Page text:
Westmont students fear jobs as office drones

Rachel Patz, Capstone Writer

Here at the Horizon, the Capstone takes its job of informing students about local Westmont news extremely seriously. In a recent census on student morale, your trusted Capstone team noticed a growing sense of apprehension amongst students regarding the outcome of their expensive liberal arts education, and we took it upon our abundantly capable shoulders to investigate. 

While some individuals hold the remarkable belief that Westmont’s new COVID-19 policies are a natural and necessary safeguard for attending college during a pandemic, the large majority of students think that a more sinister force may be at work. 

When interviewing scholars, Capstone detected a pronounced feeling of agitation surrounding many of Westmont’s new guidelines. One protest had to do with Westmont’s new policy requiring that students chain themselves to their school desk for study time, supposedly for the purpose of preparing them for full-time post-college office work.

Ella Jennings

“I must have been crazy to agree to bring my own ball and chain to college,” one sophomore exclaimed. “It doesn’t make sense for me to be spending all this money on a liberal arts education. I didn’t take Philosophical Perspectives to run in the corporate rat race; I want to go out in the world and get a well-paying job as a humanities major!”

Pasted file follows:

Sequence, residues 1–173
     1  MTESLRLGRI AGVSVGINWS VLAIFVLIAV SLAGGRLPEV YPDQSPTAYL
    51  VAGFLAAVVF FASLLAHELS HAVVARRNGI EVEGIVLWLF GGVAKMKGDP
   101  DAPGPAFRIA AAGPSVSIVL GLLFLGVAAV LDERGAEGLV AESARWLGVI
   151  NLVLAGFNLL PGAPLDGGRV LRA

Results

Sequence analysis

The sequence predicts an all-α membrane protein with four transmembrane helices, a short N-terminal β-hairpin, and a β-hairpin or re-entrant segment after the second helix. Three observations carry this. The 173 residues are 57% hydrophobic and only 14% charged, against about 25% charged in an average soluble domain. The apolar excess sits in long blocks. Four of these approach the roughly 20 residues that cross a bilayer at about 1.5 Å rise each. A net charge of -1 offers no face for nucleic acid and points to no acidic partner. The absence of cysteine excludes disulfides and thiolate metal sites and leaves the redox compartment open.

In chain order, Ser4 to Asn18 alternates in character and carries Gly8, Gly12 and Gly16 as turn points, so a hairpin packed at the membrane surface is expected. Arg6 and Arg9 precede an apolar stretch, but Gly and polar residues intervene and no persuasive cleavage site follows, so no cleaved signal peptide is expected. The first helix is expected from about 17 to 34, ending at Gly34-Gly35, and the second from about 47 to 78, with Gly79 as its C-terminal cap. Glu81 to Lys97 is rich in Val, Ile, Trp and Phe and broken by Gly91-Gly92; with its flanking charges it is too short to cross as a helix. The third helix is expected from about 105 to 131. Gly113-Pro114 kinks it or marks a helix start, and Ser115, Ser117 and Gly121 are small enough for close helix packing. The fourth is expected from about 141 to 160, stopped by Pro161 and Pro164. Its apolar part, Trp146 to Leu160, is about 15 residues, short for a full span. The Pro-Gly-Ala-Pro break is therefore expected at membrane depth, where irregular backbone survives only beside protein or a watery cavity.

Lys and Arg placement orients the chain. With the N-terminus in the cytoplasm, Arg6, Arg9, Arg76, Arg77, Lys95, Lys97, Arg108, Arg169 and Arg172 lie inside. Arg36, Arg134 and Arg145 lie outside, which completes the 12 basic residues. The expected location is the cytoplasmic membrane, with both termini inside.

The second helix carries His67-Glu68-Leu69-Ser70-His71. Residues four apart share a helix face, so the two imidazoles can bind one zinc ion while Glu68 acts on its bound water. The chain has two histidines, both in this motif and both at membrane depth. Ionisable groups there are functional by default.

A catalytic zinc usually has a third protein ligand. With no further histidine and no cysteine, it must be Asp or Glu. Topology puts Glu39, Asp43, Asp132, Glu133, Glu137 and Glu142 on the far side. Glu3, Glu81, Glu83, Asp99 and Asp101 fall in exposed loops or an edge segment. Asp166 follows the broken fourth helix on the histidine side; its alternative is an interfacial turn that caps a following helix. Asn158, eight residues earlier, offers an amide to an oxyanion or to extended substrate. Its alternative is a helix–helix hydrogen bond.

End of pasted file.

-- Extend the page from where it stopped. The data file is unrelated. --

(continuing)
A junior student expressed similar frustrations, voicing her suspicion that Westmont may be trying to disguise a new agenda behind a list of COVID-19 regulations. 

“All of these so-called ‘COVID-19’ rules seem pretty suspect,” she declared. “It sure seems like Westmont’s covering for something. I mean, there’s all this hearsay that the master plan is to turn students into office drones through exposure therapy. What do you make of that?”

While formal representatives of Westmont College have vigorously denied such accusations, the seed of doubt has already been planted. Many students have even alleged that Westmont has already begun this fearful conversion process deep within the inner workings of the school itself.

The Capstone has heard reports of stone-faced college employees being locked in their cubicles, separated from others by barriers of plastic and plexiglass, enduring hours of Zoom meetings and being deprived of real human contact. It may be too late to save students enrolled in online classes—they have already been subjected to this training program.

The team at Capstone is still working on investigating this grim report and we trust that further information will appear shortly. In the meantime, stay safe, and have confidence in the competency of Capstone’s investigative journalism team.